“Fossil Galaxy” Discovered From the Early Universe

A small galaxy circling the Milky Way may be a fossil left over from the early Universe.

The stars in the galaxy, known as Segue 1, are virtually pure with fewer heavy elements than those of any other galaxy known. Such few stars (roughly 1,000 compared to the Milky Way’s 100 billion) with such small amounts of heavy elements imply the dwarf galaxy may have stopped evolving almost 13 billion years ago.

If true, Segue 1 could offer a window into the early universe, revealing new evolutionary pathways among galaxies in the early Universe.

Only hydrogen, helium, and a small trace of lithium emerged from the Big Bang nearly 13.8 billion years ago, leaving a young universe that was virtually pure.  Over time the cycle of star birth and death produced and dispersed more heavy elements (often referred to as “metals” in astronomical circles), planting the seeds necessary for rocky planets and intelligent life.

The older a star is, the less contaminated it was at birth, and the fewer metals lacing the star’s surface today. Thus the elements detectible in a star’s spectrum provide a key to understanding the generations of stars, which preceded the star’s birth.

The Sun, for example, is metal-rich, with roughly 1.4% of its mass composed of elements heavier than hydrogen and helium. It formed only 4.6 billion years ago — two thirds of the way from the Big Bang to now — and sprung from multiple generations of earlier stars.

But three stars visible in Segue 1 have an iron abundance that is roughly 3,000 times less than the Sun’s iron. Or to use the proper jargon, these three stars have metallicities below [Fe/H] = -3.5.

Researchers led by Anna Frebel of the Massachusetts Institute of Technology report that Segue 1 “may be a surviving first galaxy that experienced only one burst of star formation” in the Astrophysical Journal.

Not only do the low chemical abundances suggest this galaxy is composed of extremely old stars, but they provide tantalizing hints about the types of supernovae explosions that helped create these stars. When high-mass stars explode they disperse a mix of elements; But when low-mass stars explode they almost exclusively disperse iron.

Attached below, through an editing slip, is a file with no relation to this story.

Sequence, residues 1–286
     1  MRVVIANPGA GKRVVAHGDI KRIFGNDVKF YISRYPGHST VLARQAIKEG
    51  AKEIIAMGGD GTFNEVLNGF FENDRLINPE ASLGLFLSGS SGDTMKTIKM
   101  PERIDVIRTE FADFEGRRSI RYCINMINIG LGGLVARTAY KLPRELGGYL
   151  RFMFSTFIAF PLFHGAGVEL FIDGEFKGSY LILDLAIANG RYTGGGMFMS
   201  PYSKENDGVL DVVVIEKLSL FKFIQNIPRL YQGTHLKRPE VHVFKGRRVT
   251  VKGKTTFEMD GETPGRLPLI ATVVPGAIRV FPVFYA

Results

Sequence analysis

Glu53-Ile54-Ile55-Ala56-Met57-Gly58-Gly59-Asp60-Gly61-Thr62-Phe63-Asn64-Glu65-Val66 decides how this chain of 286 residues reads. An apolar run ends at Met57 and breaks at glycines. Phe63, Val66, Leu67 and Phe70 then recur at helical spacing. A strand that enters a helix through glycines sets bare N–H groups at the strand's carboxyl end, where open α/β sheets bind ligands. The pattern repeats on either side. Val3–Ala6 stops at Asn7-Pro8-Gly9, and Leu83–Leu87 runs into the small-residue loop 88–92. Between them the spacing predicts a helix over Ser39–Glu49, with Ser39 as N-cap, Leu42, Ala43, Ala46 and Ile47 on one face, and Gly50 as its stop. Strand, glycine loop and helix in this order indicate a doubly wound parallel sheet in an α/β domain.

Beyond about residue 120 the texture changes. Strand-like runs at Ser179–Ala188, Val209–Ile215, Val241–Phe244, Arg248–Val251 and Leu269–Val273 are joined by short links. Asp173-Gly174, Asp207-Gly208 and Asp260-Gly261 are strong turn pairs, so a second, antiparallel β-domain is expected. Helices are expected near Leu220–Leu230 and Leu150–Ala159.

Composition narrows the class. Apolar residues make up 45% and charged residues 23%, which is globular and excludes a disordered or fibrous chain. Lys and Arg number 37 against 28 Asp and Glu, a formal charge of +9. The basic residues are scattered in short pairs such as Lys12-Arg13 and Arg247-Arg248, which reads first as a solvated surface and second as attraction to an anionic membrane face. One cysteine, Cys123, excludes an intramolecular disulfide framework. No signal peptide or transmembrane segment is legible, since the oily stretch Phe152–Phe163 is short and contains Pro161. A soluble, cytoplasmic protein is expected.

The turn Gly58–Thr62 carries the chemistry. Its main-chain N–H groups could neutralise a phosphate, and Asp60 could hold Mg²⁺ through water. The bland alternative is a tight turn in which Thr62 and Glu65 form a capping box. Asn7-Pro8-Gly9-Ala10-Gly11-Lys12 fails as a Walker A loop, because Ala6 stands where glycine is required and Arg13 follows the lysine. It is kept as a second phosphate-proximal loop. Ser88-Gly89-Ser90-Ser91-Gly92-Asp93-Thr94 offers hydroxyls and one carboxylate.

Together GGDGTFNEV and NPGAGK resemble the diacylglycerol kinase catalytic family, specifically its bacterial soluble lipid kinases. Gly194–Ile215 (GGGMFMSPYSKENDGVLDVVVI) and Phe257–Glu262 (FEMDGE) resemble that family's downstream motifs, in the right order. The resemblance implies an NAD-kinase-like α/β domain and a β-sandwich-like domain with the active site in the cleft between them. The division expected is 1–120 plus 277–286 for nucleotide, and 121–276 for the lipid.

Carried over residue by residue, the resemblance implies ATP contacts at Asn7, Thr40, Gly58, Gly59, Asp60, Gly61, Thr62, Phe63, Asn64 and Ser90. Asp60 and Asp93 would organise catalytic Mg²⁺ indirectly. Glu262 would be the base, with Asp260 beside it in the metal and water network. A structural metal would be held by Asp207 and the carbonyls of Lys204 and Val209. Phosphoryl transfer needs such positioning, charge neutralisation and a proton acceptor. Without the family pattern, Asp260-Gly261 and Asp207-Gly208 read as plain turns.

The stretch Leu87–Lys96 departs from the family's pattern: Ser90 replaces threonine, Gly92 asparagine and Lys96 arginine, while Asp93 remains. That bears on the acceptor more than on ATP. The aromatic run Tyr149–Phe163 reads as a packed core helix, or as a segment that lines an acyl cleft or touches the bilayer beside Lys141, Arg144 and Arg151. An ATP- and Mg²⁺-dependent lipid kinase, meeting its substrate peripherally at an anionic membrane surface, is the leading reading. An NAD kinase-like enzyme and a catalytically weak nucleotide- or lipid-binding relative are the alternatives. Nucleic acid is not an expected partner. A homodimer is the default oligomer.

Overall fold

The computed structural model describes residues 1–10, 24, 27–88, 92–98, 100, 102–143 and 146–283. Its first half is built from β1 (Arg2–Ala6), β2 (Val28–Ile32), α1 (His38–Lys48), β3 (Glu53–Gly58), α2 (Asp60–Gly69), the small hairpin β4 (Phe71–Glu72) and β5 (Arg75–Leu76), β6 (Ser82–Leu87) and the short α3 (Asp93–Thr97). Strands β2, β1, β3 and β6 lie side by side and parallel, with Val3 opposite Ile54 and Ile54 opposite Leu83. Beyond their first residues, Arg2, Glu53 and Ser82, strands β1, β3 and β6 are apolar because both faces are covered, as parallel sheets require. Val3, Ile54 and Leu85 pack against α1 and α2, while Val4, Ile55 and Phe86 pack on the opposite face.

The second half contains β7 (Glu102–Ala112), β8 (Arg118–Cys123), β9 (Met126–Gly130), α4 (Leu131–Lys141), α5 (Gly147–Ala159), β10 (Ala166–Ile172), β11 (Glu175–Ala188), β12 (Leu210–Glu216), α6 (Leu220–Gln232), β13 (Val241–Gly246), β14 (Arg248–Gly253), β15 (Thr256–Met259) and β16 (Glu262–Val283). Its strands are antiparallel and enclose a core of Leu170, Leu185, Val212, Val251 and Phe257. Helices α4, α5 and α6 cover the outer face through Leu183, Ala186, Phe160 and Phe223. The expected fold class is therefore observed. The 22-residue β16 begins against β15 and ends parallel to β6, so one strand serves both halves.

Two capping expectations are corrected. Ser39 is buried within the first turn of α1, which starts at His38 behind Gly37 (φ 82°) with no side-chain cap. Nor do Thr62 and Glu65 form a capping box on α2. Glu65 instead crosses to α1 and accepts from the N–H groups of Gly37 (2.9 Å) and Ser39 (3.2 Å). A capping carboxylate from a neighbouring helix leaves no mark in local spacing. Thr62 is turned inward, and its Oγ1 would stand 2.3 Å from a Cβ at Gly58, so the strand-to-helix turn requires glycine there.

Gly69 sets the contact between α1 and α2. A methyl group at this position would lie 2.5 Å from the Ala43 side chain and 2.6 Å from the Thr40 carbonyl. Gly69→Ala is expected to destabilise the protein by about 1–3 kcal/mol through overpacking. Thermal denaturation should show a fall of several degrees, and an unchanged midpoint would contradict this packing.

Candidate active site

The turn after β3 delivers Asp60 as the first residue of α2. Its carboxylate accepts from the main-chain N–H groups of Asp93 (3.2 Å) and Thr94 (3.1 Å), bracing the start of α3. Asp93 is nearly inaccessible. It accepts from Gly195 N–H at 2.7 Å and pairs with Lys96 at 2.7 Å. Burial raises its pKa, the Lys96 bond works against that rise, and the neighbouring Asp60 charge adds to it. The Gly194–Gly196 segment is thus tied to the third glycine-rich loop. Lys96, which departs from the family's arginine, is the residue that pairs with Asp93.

The lack of iron suggests the stars in Segue 1 are the products of high mass stars, which explode much more quickly than low mass stars. It appears that Segue 1 underwent a rapid burst of star formation shortly after the formation of the galaxy in the early universe.

Additionally, six stars observed show some of the lowest levels of neutron-capture elements ever found, with roughly 16,000 fewer elements than those seen in the Sun. These elements are created within stars when an atomic nucleus grabs an extra neutron. So a low level indicates a lack of repeated star formation.

Segue 1 burned through its first generation of stars quickly. But after the young galaxy produced a second generation of stars it completely shut off star formation, remaining a relic of the early universe.

The findings here suggest there may be a greater diversity of evolutionary pathways among galaxies in the early universe than had previously been thought.

But before we can make any sweeping claims “we really need to find more of these systems,” said Frebel in a press release. Alternatively, “if we never find another one, it would tell us how rare it is that galaxies fail in their evolution. We just don’t know at this stage because this is the first of its kind.”

The paper will be published in the Astrophysical Journal and is available for download here.